The French Revolution evokes a bloody historical era with one tool that still morbidly fascinates the masses: the guillotine.
To carry out a death sentence, it’s gruesomely efficient, almost diabolical in design. It never misses, unlike the electric chair or the noose. Death is quick, economical, bloody. And surprisingly, the apparatus is not that big.
ORIGINS OF THE GUILLOTINE
Pre-Revolution, death executions followed a societal order in France. Thieves were hanged, witches were burned, fraudsters were boiled, murderers were broken on the wheel, regicide were dismembered and nobles were decapitated. On October 10th, 1789, Dr. Joseph Ignace Guillotin addressed the National Assembly and appealed to the idealists of equality: every condemned men and women should have a quick and painless death.
The legal process was not hinged on finding the truth and no accused was considered innocent. In absence of proof, the preparatory question, or torture, was applied by the executioner to force a confession of guilt. Once guilt was established, the preliminary question (more torture) forced the accused to reveal his or her accomplices.
King Louis XVI repealed both the preparatory and the preliminary questions May 1st, 1788, and advised against a French judiciary based on traditional procedures. It was the same king who would be executed on the guillotine in January 1793.
In October 1791, the penal code was modified in these terms:
- The death penalty will consist to end life, without torture
- All condemned will have their head chopped off.
All was needed was the apparatus.
After modifications to the legal code were voted on, the legislative committee, spurred by Dr. Guillotin, consulted with Antoine Louis to determine the efficiency of a machine that would sever heads without too much human intervention. Louis wanted the blade to fall from high enough to get a clean cut, but if the blade wasn’t sharpened enough, death would come from crushing instead of cutting.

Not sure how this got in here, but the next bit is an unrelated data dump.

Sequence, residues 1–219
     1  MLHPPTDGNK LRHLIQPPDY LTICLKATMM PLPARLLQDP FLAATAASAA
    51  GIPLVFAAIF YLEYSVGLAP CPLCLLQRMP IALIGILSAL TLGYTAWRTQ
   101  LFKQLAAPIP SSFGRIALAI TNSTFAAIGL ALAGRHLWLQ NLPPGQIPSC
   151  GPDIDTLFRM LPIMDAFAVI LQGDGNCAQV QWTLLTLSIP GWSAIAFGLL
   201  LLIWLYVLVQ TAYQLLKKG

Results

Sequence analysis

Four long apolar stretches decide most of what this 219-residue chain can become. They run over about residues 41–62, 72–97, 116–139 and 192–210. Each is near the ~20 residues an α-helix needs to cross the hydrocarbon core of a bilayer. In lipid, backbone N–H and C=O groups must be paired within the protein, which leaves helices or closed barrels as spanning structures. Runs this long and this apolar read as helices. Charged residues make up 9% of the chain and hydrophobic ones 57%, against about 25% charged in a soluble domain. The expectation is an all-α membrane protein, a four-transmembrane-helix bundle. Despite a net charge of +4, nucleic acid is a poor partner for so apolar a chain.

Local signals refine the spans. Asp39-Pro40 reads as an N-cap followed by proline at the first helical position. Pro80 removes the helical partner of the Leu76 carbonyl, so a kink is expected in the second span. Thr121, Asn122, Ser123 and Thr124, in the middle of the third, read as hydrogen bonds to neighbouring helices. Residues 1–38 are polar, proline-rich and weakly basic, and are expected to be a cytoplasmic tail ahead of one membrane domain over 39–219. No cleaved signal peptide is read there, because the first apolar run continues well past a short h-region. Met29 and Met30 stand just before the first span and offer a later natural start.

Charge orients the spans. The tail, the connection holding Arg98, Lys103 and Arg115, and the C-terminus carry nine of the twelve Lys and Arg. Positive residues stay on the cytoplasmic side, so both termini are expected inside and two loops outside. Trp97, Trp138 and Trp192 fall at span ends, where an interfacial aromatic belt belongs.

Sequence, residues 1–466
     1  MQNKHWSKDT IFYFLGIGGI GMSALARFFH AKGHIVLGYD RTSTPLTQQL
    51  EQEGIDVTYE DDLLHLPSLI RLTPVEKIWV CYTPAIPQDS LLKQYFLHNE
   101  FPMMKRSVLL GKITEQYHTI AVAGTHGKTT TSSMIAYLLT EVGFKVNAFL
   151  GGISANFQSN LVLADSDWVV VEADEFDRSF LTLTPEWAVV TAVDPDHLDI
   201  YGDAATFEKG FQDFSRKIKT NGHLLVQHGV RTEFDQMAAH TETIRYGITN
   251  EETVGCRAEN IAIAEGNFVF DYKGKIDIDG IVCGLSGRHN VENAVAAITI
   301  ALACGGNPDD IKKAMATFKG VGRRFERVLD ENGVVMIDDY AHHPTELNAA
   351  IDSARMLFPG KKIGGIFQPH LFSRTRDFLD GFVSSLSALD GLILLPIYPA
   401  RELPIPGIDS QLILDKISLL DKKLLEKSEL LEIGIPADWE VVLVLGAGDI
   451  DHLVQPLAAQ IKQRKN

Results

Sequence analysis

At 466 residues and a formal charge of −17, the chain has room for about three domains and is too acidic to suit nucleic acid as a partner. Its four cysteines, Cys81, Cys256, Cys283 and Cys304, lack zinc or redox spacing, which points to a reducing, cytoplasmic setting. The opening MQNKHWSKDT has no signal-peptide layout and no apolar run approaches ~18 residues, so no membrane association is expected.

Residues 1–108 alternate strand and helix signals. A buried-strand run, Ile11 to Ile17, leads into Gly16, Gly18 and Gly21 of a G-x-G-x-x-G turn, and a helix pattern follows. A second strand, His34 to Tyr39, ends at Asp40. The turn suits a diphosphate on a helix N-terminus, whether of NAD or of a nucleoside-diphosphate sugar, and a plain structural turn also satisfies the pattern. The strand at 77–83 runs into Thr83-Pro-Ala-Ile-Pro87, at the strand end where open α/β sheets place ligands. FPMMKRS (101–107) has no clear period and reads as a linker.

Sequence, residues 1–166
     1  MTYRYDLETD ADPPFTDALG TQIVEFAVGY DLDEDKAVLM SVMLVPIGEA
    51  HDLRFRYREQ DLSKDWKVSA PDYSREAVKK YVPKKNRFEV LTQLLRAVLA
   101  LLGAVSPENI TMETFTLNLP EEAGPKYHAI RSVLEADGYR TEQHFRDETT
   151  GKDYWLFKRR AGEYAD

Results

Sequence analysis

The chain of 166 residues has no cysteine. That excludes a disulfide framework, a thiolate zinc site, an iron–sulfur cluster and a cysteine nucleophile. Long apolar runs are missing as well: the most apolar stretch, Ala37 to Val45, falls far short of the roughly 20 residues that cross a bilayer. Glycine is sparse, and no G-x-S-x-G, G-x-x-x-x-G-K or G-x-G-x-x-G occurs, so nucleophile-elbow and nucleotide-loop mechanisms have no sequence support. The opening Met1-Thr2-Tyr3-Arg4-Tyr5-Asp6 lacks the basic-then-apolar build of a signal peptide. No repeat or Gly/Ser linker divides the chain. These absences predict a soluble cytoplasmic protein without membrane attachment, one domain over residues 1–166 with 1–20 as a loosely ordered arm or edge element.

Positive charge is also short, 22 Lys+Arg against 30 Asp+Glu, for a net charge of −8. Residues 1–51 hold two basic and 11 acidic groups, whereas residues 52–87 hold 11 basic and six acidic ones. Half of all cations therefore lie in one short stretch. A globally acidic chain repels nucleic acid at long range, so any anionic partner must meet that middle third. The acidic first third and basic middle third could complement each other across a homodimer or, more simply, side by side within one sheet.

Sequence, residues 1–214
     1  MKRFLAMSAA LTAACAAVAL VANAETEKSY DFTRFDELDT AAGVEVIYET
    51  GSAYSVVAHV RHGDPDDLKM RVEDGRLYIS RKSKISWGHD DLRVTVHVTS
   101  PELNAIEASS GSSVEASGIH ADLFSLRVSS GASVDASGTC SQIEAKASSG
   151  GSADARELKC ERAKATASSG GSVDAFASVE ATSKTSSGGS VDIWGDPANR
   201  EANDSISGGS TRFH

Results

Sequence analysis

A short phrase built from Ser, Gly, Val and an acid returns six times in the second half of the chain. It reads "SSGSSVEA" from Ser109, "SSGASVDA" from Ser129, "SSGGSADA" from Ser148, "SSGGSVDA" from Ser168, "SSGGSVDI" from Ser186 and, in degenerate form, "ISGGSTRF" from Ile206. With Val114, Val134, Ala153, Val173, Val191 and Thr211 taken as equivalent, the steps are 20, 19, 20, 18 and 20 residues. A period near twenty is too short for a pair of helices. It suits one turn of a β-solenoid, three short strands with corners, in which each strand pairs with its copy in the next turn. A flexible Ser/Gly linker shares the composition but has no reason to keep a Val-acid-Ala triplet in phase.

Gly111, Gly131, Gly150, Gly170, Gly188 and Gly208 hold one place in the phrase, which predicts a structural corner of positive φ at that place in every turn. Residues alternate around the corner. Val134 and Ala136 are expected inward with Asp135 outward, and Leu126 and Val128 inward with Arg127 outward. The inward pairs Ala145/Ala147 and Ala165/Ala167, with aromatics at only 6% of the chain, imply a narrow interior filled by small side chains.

Trials were done on cadavers. The blade ended up oblique instead of a crescent shape, falling from a height of 14 feet. The condemned was placed against a board, face forward, hands tied behind the back. The board flipped down horizontally with the condemned looking down. A “lunette”, two planks with a half moon carved out of the middle, held the victim’s neck in place. A release of the level, the blade fell down and death was quick.
Interesting historical note: Charles-Henri Sanson, official executioner of the kingdom, wrote in his memoirs he attended a meeting where King Louis, fan of mechanical engineering, suggested for the blade to be oblique. Is it true? If yes, the historical irony is sharp. A year or so later, King Louis would step up to the gallows and become victim to “la veuve”, or widow maker.
The guillotine’s name came from Antoine Guillotin because he was the one who suggested a more humane death penalty. In those first few years, it was also named “Louison”, after Antoine Louis, the inventor of the machine. It became the permanent means of death execution on August 21st, 1792.
A REIGN OF TERROR
During the Reign of Terror in France, from September 1793 to July 1794, more than 15,000 people were executed by guillotine in France. The guillotine remained the death penalty method until its abolition in 1981, with the last execution in 1977.
The era is a great backdrop for intrigue, treason and romance and I hope I’ll get the opportunity to write more stories in that period.